Monday, April 25, 2016

Book Anniversary Celebration by Ronald Wendling

A party to celebrate the first anniversary of the publication of my memoir, Unsuitable Treasure: An Ex-JesuitMakes Peace with the Past, was held on April 3rd at the condominium in Wynnewood, Pennsylvania, where my wife Mary and I reside. A good part of the crowd was made up of friends and neighbors at the condo many of whom had already read the book and spoken to me about how it resonated with them, especially the first few chapters about the sufferings of families.

There were also family and longtime friends in attendance, among them Father Anthony Berret, author of Music in the Works of F. Scott Fitzgerald, who with the generosity so typical of his Jesuit colleagues supported me in the writing of my memoir from its beginnings. (See the photo below in which Father Berret is standing next to my wife, Mary.)
Members of our immediate family were also there, as you may see in the following photo. From left to right: Daughter Jen, Ron, daughter Margie, wife Mary, brother-in-law Ed, sister-in-law Margaret, Ed and Margaret's daughter Maura, Maura's daughter, Maggie.

I read three short passages from my memoir, all three about my father. Dad was a prankster, especially before recovering from his long addiction to alcohol, and the first passage I read related to a particularly cruel trick he played on me and my mother when I was about six. The second had to do with the last day I saw him alive, and the third with a treasury bond he had set aside for my mother that ended up, thirty-seven years later, paying almost to the penny for her last month in a nursing home. After the reading, I signed copies of the book.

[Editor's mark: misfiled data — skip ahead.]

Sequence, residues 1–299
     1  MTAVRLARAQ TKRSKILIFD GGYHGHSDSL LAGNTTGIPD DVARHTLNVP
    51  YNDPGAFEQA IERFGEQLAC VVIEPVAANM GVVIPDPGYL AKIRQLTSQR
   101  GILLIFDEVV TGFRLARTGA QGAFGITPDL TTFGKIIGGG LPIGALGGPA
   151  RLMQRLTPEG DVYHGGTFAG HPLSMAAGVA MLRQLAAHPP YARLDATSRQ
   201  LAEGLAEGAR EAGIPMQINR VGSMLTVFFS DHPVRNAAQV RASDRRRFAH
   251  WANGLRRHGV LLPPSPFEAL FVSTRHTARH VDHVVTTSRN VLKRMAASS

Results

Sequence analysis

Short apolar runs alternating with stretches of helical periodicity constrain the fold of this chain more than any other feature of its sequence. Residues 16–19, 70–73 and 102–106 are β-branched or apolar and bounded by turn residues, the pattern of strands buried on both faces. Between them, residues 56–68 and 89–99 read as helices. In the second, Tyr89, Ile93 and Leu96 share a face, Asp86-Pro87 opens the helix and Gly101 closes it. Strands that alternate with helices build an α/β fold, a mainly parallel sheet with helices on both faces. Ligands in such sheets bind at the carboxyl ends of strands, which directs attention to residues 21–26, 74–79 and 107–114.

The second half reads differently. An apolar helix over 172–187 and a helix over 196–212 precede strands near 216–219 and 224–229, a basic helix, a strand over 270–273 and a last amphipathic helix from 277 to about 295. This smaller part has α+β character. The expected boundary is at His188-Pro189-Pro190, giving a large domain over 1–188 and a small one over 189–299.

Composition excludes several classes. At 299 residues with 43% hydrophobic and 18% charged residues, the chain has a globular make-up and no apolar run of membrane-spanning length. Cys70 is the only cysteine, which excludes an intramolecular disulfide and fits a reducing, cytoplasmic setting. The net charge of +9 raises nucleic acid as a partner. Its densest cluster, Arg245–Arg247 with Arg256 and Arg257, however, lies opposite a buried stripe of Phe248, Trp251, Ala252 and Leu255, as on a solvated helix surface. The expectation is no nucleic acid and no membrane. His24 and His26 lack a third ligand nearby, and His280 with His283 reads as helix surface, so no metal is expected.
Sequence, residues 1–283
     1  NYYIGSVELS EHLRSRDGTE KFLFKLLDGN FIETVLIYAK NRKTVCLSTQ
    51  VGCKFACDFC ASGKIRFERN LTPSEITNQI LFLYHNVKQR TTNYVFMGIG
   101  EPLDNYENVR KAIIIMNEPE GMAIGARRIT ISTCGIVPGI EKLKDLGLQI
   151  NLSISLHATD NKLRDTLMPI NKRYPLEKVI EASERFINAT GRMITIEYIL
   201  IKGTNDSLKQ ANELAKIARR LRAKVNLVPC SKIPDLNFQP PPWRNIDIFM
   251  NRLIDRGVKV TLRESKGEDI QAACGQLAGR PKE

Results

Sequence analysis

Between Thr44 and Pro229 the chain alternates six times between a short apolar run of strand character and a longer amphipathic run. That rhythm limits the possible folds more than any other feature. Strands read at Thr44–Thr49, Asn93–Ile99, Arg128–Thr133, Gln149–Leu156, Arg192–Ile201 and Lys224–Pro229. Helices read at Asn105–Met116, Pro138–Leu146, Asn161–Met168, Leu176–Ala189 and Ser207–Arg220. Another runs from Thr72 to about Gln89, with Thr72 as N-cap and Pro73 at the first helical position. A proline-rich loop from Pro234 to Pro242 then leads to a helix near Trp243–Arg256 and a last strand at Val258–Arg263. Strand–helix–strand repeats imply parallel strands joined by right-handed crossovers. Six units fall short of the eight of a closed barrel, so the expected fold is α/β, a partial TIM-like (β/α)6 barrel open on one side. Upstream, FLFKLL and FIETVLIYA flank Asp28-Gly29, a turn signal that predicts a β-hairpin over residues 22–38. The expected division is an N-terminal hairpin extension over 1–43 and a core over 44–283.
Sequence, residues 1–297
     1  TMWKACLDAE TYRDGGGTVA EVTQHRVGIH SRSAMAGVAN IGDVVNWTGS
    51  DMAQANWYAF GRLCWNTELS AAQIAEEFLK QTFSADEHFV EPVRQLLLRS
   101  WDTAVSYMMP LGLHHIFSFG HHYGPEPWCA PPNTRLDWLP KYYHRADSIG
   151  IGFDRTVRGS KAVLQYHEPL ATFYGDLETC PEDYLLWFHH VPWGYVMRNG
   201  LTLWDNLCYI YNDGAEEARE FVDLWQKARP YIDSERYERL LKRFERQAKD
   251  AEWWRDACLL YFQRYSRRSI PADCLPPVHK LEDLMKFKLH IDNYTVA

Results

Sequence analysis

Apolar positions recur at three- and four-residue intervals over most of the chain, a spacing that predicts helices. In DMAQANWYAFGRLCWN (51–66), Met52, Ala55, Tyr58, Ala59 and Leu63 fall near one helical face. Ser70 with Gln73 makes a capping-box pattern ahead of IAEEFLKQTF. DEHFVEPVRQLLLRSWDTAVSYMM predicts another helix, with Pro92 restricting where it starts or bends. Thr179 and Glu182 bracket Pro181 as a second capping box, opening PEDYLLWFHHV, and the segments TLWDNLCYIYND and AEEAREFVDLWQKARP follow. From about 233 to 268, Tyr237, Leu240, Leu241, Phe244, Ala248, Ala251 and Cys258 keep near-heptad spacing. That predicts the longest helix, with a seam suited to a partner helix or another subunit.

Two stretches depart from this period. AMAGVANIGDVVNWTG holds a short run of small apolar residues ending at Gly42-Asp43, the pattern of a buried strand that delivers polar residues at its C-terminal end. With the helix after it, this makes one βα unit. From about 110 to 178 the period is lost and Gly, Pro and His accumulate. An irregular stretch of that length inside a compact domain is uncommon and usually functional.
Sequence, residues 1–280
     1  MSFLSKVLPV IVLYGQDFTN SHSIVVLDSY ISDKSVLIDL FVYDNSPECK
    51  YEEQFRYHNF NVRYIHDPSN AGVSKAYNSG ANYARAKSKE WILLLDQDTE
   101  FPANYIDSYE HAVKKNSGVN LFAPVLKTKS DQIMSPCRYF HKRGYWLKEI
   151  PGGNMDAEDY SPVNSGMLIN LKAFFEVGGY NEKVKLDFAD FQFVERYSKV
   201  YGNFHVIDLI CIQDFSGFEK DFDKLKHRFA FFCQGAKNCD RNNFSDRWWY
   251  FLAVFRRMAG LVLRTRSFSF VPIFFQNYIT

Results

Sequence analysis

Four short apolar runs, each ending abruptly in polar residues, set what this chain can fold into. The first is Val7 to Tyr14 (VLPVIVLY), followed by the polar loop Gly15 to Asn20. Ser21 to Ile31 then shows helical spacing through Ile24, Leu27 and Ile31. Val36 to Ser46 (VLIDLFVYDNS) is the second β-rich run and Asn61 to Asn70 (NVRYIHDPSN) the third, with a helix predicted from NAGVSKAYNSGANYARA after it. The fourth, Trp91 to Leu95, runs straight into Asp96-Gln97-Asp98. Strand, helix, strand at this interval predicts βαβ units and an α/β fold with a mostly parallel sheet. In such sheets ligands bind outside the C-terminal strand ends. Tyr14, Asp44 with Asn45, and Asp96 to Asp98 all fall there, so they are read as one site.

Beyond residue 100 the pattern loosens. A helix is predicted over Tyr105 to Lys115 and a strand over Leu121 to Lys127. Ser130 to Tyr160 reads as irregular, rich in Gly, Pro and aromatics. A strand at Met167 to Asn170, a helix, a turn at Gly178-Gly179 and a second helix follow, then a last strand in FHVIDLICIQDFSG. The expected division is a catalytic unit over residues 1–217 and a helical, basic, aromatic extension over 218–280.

I am still good friends with the man who served as best man at my wedding. He could not attend the book celebration for health reasons but sent a floral centerpiece instead, and the day after the party my wife and I took the flowers to that nursing home in memory of my mother.

Unsuitable Treasure tells how my choices were influenced by my father’s addiction. I attended a Jesuit high school in Buffalo, New York, at the same time my father was recovering from alcoholism. But my mother, unable to forgive her husband for his past mistreatment of her, fostered in me a need to make up to her for my father’s sins and so delayed the separation from her necessary to my growing up. I entered the Jesuit order at seventeen, my father died of cancer shortly afterward, and nine lonely years later I left the Jesuits having discovered under their tutelage that I was not one of them. My marriage, my children, my career teaching literature, and the writing of this memoir all taught me mercy, especially to my body, and helped me bridge the gap between my appreciation of the Jesuits and the necessity I felt to leave them behind.

1 comment:

Marilyn Meredith a.k.a. F. M. Meredith said...

What a lovely post. I need to read your book.